During the holiday season, the medieval centre of Strasbourg puts on its finery, with Christmas lights and decorations on every street, shop and facade. On the island, there are also many winestubs (the local pub/tavern), where you can enjoy a traditional lunch or dinner, as well as many more historic buildings, churches and museums.

Strasbourg Cathedral (Cathédrale de Notre-Dame)

Strasbourg Cathedral is the signature landmark of the city. It is so tall that I used it as a kind of GPS. In fact, it is the world’s fourth-tallest church! If you run out of mobile data and can’t access Google maps, just look above. Soon you’ll spot the spire of the Cathedral and then can figure out where you are in relation to it.

The Cathedral is a true Gothic masterpiece. It has beautiful stained glass windows, religious statues and decorations. The best time to visit is before noon., before the crowds. In addition, around that time you can also see the Astronomical Clock in action. Every day, at 12.30 p.m., the clock’s automatons start moving and they show a parade of the stages of life, as well as the apostles of Christ.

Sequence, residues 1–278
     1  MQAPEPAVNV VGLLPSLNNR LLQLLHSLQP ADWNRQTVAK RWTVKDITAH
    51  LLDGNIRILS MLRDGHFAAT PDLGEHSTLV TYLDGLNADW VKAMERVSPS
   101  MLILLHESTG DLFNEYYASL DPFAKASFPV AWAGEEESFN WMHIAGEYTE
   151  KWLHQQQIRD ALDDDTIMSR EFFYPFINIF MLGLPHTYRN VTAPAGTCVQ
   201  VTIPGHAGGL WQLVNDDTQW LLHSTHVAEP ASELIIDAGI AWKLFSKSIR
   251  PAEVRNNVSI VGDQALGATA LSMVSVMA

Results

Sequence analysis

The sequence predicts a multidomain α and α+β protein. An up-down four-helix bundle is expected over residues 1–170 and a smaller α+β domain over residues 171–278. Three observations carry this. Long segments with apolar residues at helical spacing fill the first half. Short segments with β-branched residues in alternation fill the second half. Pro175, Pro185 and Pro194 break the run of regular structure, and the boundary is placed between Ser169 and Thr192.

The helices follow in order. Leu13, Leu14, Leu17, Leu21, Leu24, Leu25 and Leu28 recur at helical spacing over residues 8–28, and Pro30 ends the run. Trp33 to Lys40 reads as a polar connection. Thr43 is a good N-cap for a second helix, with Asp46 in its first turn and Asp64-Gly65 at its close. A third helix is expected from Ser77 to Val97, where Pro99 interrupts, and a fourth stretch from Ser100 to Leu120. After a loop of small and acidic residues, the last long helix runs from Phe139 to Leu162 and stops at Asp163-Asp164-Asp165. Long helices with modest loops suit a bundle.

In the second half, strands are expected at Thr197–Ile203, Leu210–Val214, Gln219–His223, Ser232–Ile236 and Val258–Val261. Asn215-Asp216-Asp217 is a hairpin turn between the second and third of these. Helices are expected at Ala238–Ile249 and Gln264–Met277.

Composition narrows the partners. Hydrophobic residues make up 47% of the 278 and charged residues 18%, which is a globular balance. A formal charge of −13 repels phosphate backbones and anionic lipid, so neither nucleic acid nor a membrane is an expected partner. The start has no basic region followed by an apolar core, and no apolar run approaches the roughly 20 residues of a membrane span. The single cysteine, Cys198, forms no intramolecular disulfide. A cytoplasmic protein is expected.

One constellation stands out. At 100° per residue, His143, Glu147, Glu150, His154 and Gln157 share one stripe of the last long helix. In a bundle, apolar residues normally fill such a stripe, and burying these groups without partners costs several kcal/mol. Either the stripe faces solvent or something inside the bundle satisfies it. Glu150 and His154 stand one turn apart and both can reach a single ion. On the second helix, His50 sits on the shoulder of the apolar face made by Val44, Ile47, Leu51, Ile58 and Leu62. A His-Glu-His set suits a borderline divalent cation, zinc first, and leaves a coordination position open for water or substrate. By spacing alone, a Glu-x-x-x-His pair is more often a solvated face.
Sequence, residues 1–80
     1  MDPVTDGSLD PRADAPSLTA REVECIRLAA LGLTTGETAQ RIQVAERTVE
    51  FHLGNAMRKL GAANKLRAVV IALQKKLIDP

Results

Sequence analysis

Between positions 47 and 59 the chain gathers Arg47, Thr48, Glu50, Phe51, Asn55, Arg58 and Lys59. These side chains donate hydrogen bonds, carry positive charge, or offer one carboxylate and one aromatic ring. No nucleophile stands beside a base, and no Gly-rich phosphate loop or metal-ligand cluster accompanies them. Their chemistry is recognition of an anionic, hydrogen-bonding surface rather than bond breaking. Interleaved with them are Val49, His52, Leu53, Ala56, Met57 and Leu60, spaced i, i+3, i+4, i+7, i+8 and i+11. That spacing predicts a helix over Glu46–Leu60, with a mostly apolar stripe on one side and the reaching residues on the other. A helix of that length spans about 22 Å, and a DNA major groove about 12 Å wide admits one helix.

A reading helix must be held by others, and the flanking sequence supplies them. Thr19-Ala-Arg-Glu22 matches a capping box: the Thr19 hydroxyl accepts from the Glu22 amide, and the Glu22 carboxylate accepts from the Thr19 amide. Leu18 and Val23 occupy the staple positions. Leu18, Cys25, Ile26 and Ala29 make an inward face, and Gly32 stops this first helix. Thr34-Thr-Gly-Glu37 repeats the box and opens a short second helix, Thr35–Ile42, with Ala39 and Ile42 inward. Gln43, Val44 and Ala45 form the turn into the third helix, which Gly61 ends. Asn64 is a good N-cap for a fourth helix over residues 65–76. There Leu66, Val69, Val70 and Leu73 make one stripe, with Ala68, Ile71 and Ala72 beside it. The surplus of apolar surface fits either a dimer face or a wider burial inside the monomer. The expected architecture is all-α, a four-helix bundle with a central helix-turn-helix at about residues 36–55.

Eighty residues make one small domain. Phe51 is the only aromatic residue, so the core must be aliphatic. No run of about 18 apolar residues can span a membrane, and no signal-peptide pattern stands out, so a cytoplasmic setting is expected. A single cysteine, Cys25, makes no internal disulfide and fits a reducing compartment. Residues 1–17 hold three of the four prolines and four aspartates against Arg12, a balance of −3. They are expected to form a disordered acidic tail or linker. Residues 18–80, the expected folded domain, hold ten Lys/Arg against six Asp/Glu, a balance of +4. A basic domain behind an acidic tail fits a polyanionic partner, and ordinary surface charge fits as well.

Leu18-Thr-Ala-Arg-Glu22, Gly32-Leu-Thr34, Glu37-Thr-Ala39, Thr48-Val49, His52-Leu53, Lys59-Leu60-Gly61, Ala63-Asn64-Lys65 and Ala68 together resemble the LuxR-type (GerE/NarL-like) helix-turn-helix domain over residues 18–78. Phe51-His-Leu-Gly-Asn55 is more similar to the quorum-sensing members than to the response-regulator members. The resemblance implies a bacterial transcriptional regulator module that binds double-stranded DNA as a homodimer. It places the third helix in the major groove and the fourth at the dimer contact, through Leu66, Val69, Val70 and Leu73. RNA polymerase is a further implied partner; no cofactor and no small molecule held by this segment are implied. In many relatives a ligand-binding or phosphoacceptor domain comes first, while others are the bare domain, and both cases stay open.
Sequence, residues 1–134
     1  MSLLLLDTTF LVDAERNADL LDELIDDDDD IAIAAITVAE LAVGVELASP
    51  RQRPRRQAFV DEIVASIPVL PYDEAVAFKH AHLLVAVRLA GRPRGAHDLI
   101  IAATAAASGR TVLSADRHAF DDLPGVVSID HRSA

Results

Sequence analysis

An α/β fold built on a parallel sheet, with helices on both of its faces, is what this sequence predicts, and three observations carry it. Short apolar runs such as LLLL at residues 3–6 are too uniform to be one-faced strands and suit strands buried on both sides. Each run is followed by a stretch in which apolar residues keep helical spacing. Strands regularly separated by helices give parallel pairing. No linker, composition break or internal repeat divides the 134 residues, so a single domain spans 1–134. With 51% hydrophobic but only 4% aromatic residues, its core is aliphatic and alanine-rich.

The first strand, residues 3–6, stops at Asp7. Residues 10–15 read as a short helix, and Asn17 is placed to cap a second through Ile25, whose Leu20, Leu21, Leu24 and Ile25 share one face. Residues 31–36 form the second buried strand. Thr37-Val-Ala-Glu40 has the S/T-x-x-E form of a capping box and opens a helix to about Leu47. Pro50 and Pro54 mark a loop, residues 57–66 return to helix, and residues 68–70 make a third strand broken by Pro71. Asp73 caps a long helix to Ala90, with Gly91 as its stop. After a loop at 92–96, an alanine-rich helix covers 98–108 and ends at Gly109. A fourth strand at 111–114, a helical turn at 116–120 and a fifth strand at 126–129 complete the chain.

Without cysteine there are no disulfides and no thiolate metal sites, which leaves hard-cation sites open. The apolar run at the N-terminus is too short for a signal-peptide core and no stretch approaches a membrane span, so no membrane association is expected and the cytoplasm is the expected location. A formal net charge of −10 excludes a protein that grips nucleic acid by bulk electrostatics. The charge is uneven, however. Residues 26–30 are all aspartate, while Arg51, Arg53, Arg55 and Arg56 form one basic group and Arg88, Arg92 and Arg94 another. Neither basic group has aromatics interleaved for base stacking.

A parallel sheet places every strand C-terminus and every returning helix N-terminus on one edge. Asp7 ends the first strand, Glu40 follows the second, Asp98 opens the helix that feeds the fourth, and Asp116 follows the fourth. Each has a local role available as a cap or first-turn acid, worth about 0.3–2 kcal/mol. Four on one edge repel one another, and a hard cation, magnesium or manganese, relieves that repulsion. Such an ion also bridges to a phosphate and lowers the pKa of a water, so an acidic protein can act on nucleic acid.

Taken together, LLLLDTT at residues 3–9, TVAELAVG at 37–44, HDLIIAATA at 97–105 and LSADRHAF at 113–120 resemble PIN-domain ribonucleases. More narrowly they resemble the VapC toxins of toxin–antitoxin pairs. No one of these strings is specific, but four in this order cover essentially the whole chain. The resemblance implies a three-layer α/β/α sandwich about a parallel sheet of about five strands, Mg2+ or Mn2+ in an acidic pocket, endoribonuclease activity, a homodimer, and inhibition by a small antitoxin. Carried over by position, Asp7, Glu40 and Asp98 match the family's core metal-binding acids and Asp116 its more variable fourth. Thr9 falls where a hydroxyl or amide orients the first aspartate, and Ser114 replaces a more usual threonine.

In addition, at Christmas, the Cathedral hosts a large Nativity Scene inside, as well as a Christmas Market on the steps outside, with stalls selling crafts, wooden toys, decorations and more.

Strasbourg Christmas Market, the oldest in Europe

Strasbourg boasts the oldest Christmas market in Europe. According to historical records, the first Christmas market in the region took place in 1570 and was called “Christkindelsmärik“.

Every year, over 300 stalls take their place in Place Broglie, selling from handmade crafts to artisanal goods, and from traditional Alsatian foods to Christmas decorations.

The other Christmas Markets in Strasbourg

Photo by Humphrey Muleba on